Basketball, like any emotionally rewarding experience, is better shared. Regrettably the male(s) in one room watching the game while their spouse(s)/girlfriend(s) languish unattended in another part of the home, is a cliché that too often drives a wedge into the relationship. Yet basketball is a fascinating sport—mixing many of the ingredients of great dramatic presentations. There is deception and intrigue; a battle of wills, both individual and group; a graceful ballet interspersed with clashes of brawn; emotional highs and the depths of despair; and all this wrapped in a colorful extravaganza where hopes are buoyed and dashed and the elation and anguish are written across the close-ups of faces dripping with exertion and tightened by the stresses of the moment. What’s not to like?
Dateline: September 25, 2012––5 days until the start of training camp!
Sadly too often we fail to include our significant other in what could, perhaps should, be a meeting of the minds and hearts. This week I shall endeavor to alter this dynamic by providing a primer on how to watch basketball better. While there are some general guidelines, these are far more meaningful if there is a framework within which these generalities can be applied. What follows is the effort to present the big picture with the support of all the snapshots that make up the collage.
I have written elsewhere of the sad effect of ESPN on basketball, and basketball viewers. My discourse this week will try to plant the seeds for you to become the anti-ESPN—seeing the games within the game and not just the decorations upon the cake. The first, biggest, and most complete step to broaden your appreciation and understanding of basketball is to STOP WATCHING THE BALL. If this seems counterintuitive, let me offer the words of perhaps the greatest player ever (and no it is not Michael Jordan) and then some additional points to ponder.
In an interview by NBA.com:
NBA.com: When you watch a game in person or on TV, what are you focusing on?
Russell: I watch where the players set up. The really good players do as much without the ball as they do with the ball. In fact, they do more without the ball than they do with the ball. They don’t need the ball a whole lot. I enjoy watching to see how they set themselves up to get the ball where they want it and how they want it. And that takes as much skill as it does to go one on one and in a lot of situations, it takes more skill because you have to coordinate it with the guy who is passing you the ball.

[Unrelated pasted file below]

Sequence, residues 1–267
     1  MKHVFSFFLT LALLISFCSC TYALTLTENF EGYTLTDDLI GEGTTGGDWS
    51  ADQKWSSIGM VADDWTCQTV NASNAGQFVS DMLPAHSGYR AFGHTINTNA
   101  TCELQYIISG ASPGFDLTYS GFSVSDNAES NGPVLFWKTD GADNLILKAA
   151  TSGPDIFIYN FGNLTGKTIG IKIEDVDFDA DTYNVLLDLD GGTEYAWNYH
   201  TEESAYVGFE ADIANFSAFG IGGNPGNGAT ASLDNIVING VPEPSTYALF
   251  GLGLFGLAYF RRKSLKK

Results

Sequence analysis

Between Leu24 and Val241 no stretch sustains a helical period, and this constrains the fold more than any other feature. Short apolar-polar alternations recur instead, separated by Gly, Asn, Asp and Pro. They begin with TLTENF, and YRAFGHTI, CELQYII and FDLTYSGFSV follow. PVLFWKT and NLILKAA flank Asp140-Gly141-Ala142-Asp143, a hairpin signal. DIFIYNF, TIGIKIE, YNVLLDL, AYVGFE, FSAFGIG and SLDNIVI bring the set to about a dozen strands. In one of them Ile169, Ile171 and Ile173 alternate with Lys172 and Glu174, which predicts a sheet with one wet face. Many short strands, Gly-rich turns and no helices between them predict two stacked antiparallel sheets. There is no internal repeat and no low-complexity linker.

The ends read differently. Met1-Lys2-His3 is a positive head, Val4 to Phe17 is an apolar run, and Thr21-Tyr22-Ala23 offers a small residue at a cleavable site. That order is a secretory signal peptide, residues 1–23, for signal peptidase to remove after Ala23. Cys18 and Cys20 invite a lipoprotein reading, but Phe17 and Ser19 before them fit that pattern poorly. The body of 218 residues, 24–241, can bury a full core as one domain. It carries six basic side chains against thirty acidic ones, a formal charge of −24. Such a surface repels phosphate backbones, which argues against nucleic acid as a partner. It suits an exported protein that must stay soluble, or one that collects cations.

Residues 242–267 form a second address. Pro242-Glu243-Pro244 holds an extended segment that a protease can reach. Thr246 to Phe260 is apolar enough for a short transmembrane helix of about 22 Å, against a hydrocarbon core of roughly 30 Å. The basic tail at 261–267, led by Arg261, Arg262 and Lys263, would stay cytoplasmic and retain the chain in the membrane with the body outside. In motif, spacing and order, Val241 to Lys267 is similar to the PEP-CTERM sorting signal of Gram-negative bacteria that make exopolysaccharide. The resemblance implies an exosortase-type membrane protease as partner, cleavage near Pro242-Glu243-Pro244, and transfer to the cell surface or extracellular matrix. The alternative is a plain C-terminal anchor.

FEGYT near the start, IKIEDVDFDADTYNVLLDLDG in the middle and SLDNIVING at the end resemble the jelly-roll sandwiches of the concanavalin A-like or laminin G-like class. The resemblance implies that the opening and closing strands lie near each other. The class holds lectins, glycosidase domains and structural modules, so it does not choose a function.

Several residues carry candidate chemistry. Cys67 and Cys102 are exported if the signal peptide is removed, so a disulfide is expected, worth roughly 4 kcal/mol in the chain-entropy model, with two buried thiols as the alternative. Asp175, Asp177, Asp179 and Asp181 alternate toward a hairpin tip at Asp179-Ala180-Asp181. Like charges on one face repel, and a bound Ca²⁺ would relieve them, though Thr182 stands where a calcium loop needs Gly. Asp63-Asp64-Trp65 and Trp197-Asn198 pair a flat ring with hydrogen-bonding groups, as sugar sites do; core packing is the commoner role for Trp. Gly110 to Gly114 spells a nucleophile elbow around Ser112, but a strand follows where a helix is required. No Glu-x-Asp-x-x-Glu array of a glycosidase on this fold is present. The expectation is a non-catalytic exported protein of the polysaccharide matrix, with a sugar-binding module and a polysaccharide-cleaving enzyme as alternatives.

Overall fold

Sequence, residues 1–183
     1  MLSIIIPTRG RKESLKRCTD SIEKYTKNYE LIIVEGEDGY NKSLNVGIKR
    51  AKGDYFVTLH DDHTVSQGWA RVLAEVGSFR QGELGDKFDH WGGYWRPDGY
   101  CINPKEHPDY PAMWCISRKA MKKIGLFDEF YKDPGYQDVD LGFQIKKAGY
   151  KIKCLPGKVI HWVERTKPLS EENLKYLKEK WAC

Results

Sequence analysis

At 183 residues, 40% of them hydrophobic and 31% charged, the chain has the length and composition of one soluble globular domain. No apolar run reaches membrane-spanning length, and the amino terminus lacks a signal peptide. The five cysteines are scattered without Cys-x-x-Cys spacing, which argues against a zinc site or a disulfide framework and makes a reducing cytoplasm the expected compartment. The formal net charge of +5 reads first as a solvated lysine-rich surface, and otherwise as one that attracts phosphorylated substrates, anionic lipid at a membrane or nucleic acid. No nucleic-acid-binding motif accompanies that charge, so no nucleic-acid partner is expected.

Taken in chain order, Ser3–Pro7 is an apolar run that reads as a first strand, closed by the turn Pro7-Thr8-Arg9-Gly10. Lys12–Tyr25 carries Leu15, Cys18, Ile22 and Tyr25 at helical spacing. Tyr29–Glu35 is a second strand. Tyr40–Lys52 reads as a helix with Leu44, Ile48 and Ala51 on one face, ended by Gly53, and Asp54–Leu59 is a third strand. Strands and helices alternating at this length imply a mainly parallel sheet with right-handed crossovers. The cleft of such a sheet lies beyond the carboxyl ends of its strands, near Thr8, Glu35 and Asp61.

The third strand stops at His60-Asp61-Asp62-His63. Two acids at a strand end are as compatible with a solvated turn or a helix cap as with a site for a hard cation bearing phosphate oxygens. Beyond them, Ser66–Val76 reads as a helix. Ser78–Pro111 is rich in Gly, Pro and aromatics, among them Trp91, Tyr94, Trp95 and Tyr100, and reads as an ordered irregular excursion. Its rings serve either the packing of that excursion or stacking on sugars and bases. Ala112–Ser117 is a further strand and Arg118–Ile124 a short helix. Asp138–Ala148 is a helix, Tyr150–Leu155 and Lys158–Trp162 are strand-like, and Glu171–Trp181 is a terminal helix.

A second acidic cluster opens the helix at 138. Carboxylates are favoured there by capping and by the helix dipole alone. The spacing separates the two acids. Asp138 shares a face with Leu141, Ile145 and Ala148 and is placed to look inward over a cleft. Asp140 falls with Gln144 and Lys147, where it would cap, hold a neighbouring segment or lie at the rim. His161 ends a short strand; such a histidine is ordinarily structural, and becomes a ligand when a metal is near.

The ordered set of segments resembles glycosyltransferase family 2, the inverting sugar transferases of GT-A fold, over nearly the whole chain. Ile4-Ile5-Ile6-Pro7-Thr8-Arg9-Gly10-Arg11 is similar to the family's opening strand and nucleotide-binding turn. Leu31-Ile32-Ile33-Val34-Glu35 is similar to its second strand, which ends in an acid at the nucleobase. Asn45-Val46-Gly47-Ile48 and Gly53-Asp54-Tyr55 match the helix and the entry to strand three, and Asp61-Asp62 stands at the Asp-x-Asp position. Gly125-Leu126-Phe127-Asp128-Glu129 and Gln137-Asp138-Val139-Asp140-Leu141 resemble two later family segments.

ESPN’s version of the game recap is to show you a dozen made baskets, mostly consisting of a jump and dunk (pushing the ball through the basket from zero inches) or the release of the ball and its two second flight and passing through the basket. Weren’t you pretty sure that the ball was going through the hoop? I would suggest to you that the far more entertaining action took place the five to ten seconds before ESPN’s clip of each shot began; and that’s what I want to help you watch. That holds the beauty of the game, and understanding those dynamics will open up an entirely new appreciation of the battle of wills.
The point of the game is to put the ball in the basket. Ideally you do this in the easiest way possible. This effort is complicated by the fact that in the professional game you have only 24 seconds to score, or at least hit the rim of the basket, or the defensive team is awarded possession of the ball. From a fan’s perspective this is great—the entire act of a dramatic production compressed into less than half a minute (I wonder if opera and the theater might see a surge in popularity if their acts were shorter).
With no interference (defender), it is generally easier to get the ball into the basket from one foot than from two, from two than from 10, and so on. Also, simpler is better (easier). This isn’t gymnastics or platform diving, there is no degree of difficulty bonus. Actually there is an exception. Back in the 1970’s the three-point shot was introduced. Beyond an arc roughly 22 feet from the basket, a made shot is awarded three points instead of two (you have to admit a 50% bonus is pretty alluring). This has been the biggest change in the game in the some 110 years since PE teacher Naismith nailed peach baskets to the gym walls to keep students occupied in bad weather. It has opened up the game which had become some kind of huge wrestling match near the basket as everybody tried to get closer and closer to make shooting easier. Still even from long range, it is easier to shoot if there is not a defender with his hand in your face—the KISS principle still applies.
The point is, all the maneuvering and moving and bumping and shoving is an effort to allow one of your players to shoot the ball without interference. ESPN prefers to show you the “impossible” shots, basketball coaches (and teams) thrive on the easy ones. In my estimation the whole full-contact ballet in an effort to create an easy shot is much more entertaining and extraordinary than that ESPN highlight “can you believe it” miracle (that it went in).
Tomorrow we’ll begin talking about how team’s free up players by impeding their defenders. What to look for, and how to decipher the nuances of the games within the game? I think it will change your experience of basketball viewing.
Boston, and all points beyond